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Ashwagandha for Improving Sleep Quality By Dr Tori Hudson, ND

Difficulty sleeping/insomnia is one of the most common issues women face, and is one of the most common complaints of women going through the menopause transition and the most common sleep disorder in the general population.

Insomnia is defined as a sleep complaint that occurs at least three times per week for at least 3 months and is associated with distress or impaired daytime personal functioning. Perimenopausal women are more likely than premenopausal and postmenopausal women to sleep fewer than 7 hours on average. Postmenopausal women are more likely to report poor sleep quality and a greater percentage of postmenopausal women have trouble falling asleep as well as staying asleep at least four times per week. The most common issue is related to wakefulness during sleep (called sleep maintenance).

For 10% of people worldwide, nonrestorative sleep (NRS) is associated with poor sleep quality and physical and cognitive fatigue.

I find chronic insomnia to be one of the most challenging health issues in my clinical practice.  Whether it’s over-the-counter sleep aids, prescription sleep medicines, hormone therapy, herbal/nutritional supplements or lifestyle changes, it all feels very much like a trial and error process.  One of the problems with pharmaceuticals, is the potential for adverse effects. 

One of the approaches that helps to minimize the trial and error is to try to find a diagnosis of an underlying cause.  The list is long but includes, anxiety, hormonal changes, hyperthyroid, life stressors, alcohol, caffeine, chronic pain, poor sleep hygiene, restless leg syndrome, sleep apnea, night time blood sugar issues and medications.

I’m especially keen on finding research on plants and/or nutrients that can be used for chronic insomnia.  Ashwagandha is one of those plants that has possibilities. Ashwagandha (Withania somnifera) has been used in traditional Indian Ayurvedic medicine to help with sleep, anxiety and insomnia  for generations. There has been a small amount of research looking at it’s effect on cortisol and the circadian rhythm.  The current prospective, randomized, double-blind, parallel, placebo-controlled clinical study evaluated the effect of a standardized ashwagandha extract compared with placebo in healthy participants with NRS.  

Individuals were 18-65 years with restorative sleep problems.  Anyone with severe sleep apnea, moderate to severe restless leg syndrome, narcolepsy, or untreated depression was excluded. Snoring indices, questionnaires and a sleep monitoring device monitored sleep and wake patterns for one week.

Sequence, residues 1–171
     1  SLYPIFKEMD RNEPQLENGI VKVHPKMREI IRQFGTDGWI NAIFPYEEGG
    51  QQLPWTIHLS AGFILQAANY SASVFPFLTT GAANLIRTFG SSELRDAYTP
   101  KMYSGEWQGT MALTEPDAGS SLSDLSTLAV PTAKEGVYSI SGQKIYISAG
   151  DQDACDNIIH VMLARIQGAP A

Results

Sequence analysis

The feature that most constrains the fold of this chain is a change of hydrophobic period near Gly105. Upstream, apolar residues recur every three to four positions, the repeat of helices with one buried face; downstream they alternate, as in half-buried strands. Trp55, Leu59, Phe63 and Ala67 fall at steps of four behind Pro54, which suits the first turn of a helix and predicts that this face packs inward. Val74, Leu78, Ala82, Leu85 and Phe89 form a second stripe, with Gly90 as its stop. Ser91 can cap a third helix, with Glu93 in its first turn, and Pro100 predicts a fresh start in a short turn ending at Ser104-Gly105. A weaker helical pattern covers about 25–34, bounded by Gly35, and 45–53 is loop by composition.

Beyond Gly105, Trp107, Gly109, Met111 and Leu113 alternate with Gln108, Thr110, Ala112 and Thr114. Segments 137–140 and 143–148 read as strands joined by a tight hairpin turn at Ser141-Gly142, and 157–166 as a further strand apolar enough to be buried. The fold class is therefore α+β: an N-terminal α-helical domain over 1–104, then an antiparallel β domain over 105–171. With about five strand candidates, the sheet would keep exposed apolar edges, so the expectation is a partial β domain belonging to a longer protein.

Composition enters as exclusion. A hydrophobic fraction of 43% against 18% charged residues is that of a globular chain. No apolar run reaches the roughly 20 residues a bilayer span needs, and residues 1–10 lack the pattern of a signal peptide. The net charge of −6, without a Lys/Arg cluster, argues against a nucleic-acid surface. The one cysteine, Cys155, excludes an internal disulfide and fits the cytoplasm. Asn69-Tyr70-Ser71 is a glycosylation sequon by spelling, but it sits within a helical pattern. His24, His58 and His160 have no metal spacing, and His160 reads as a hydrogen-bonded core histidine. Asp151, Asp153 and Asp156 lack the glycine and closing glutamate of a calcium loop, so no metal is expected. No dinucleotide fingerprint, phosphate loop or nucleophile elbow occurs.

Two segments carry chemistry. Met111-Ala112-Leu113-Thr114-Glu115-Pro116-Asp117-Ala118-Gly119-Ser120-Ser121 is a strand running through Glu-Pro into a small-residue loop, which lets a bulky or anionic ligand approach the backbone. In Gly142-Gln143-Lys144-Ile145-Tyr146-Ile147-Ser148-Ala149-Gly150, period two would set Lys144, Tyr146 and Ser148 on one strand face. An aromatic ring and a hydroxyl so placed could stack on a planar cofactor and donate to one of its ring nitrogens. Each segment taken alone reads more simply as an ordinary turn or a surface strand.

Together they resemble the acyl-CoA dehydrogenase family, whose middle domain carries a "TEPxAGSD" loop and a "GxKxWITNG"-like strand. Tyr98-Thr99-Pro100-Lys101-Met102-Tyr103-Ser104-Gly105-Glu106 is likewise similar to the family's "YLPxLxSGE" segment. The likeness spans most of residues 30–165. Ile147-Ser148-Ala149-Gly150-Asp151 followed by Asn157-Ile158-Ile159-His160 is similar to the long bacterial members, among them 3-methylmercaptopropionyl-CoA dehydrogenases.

On day 8, participants were randomly assigned to the ashwagandha group or the placebo group, with 77 in each group. The participants were instructed to take two study capsules daily, about two hours before their evening meal, for six weeks. Each 60 mg ashwagandha capsule was standardized to contain 21 mg of withanolide glycosides.

After 42 days of treatment, sleep quality improved by 72% in the ashwagandha group and by 29% in the placebo group. The sleep monitoring device indicated increased total sleep time and sleep efficiency in the ashwagandha group at the end of the study compared with baseline. In that same group, significant decreases were seen in the time it takes to fall asleep, waking after sleep onset and average awakening time.  All differences between the ashwagandha group and the placebo group were significant.  Quality of life scores were also significantly better in the ashwagandha.

Commentary:  I’ve been using ashwagandha for many years, including for women with chronic insomnia.  For the individual who needs improvement in sleep quality and decreased wakefulness, I think this is an important addition.  However, for the person who needs help in falling asleep, and persistent wakefulness during the night, it will take more than just ashwagandha in my experience. It will likely take a nutraceutical/botanical to help fall asleep in addition to the ashwagandha. Given its role as an adaptogen, I think it is especially useful for those who report high stress and/or anxiety, and for those who are having trouble coping with their chronic insomnia (resulting in depression, mild cognitive impairment and fatigue). With the addition of ashwagandha you will likely need 6 weeks to see the results.


Deshpande A, et al. A randomized, double-blind, placebo controlled study to evaluate the effects of ashwagandha (Withania somnifera) extract on sleep quality in healthy adults. Sleep Med. August 2020;72:28-36.

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